Argentina's Vaca Muerta shale may not be developed until oil prices rise

BUENOS AIRES (Reuters) - Argentina made a move to lower its high labor costs this week with a deal to reduce benefits for workers in the country’s immense Vaca Muerta shale oil formation, but the resource may remain largely untapped until world oil prices recover further.

Vaca Muerta, which is Spanish for Dead Cow, is a shale gas and oil formation the size of Belgium in the heart of the region of Patagonia and is essential to Argentina being able to become self sufficient in energy.

President Mauricio Macri hopes a pact he has negotiated with unions and provincial authorities will jumpstart investor interest in developing the field.

The government trumpeted signs this is already happening with $5 billion in planned 2017 investments from major oil companies including $2.3 billion from the state-owned YPF SA.

Other companies Macri named as signatories to the accord, including Chevron Corp and Royal Dutch Shell Plc, declined to comment.

Despite the initial spurt of investment, the pact looks unlikely to realize Vaca Muerta’s potential on its own.

“The deal is a necessary but not sufficient condition,” said Luisa Palacios, energy specialist with Medley Global Advisors.

Ultimately, she said, unlocking private investment in Vaca Muerta will hinge not just on improving investment conditions but also on higher international oil and gas prices.

“This deal goes in the direction of flexibilizing costs, which is important in the Vaca Muerta basin given that they still have some ways to go on reducing the cost structure as the U.S. shale industry has done,” Palacios added.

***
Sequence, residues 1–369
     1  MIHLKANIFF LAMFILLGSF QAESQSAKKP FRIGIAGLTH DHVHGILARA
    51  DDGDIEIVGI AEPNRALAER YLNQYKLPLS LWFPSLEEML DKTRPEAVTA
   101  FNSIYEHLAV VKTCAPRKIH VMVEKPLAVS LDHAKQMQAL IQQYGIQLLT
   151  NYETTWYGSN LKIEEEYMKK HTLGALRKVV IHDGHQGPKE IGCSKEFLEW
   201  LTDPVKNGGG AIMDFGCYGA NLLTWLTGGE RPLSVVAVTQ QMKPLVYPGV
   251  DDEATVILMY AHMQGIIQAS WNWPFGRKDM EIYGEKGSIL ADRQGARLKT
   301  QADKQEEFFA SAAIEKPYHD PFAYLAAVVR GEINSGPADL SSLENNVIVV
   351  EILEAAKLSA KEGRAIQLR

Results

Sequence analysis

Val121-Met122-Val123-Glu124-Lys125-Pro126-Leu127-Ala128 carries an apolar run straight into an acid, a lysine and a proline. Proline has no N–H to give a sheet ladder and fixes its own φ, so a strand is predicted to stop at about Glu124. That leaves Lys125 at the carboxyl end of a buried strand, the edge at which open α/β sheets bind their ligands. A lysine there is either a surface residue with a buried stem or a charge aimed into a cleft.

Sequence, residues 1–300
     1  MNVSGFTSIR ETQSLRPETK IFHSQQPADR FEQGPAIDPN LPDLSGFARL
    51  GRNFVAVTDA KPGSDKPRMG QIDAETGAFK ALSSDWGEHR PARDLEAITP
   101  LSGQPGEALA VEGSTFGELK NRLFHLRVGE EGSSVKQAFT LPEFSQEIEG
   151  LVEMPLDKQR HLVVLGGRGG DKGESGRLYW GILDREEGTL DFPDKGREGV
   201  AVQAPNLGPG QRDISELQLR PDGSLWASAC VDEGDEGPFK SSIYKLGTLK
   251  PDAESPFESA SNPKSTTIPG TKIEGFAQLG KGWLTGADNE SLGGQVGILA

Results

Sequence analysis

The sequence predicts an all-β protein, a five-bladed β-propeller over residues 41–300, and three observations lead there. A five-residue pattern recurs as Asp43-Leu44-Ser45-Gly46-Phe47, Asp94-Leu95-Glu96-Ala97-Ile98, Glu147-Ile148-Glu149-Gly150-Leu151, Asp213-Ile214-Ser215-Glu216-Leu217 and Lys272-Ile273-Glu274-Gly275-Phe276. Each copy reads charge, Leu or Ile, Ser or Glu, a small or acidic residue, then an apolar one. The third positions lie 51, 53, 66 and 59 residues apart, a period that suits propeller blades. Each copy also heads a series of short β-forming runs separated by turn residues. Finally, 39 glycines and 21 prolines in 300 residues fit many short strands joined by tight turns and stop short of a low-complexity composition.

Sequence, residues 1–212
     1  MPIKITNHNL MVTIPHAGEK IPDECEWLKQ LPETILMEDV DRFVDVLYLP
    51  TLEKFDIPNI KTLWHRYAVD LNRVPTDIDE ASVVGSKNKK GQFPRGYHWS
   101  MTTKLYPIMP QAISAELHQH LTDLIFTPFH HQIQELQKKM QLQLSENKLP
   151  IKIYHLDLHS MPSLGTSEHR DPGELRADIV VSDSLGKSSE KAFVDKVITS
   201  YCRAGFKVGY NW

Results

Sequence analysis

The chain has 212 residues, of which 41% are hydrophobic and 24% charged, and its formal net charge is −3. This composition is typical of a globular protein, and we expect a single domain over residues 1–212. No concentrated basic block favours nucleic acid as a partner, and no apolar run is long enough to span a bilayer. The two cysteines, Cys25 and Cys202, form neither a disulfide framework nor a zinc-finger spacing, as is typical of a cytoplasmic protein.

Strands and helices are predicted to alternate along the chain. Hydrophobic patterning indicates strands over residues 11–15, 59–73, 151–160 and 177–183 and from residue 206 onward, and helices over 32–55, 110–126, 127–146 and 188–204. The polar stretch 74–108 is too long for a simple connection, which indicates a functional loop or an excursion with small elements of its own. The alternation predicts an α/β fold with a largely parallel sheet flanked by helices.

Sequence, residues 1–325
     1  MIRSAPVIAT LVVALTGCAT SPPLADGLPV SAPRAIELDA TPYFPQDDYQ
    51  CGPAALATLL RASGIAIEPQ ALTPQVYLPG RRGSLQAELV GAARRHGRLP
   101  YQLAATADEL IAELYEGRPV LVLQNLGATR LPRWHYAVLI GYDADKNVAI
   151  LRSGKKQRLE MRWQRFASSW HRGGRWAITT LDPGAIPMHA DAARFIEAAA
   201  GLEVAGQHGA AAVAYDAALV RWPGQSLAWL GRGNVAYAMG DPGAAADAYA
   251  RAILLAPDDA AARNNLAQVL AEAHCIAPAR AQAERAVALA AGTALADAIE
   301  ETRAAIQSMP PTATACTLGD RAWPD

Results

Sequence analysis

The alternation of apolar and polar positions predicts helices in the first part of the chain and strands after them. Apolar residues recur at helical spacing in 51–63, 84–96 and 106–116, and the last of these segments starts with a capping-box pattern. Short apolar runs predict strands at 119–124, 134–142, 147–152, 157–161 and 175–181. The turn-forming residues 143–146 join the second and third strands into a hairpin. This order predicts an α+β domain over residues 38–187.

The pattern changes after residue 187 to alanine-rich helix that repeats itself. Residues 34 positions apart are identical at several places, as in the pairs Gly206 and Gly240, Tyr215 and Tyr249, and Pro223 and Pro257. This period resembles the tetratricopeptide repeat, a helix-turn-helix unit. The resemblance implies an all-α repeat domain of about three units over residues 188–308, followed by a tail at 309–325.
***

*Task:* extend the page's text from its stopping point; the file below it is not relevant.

Brent crude oil was trading at about $55 per barrel on Wednesday, less than half the $115 price in June 2014, limiting the cash companies have to invest in a country with Argentina’s history of policy and labor volatility.

Investment in Vaca Muerta, which got its name from the formation’s shape resembling that of a side of beef hanging in a butcher shop, has been hobbled by decrepit infrastructure in its home province of Neuquen, rigid labor contracts, and the threat of steep provincial tax and royalty increases.

One of the constraints removed by the deal has to do with the minimum number of workers that union contracts say must be on hand to work at each well. The rule has been a disincentive for companies to bring new fracking technology to Argentina, because that technology requires fewer employees to operate it.

“Labor reform is a key component to bring additional players into this market,” said JP Morgan analyst Javier Zorrilla.

“There are still things that can improve but the agreement is a step in the right direction,” Zorrilla said.

Argentina will offer a subsidized price of $7.50 per million British thermal units of natural gas produced at new wells through 2020. The price is more than double that of front-month natural gas futures on the New York Mercantile Exchange.

Some of the highest-producing wells can be profitable below the government-subsidized price, said Robert Lewis, senior research analyst for Latin America upstream at IHS Energy.

“To the extent that those wells are repeatable, there’s a lot of money to be made,” Lewis said.

Additional reporting by Luc Cohen; editing by Christian Plumb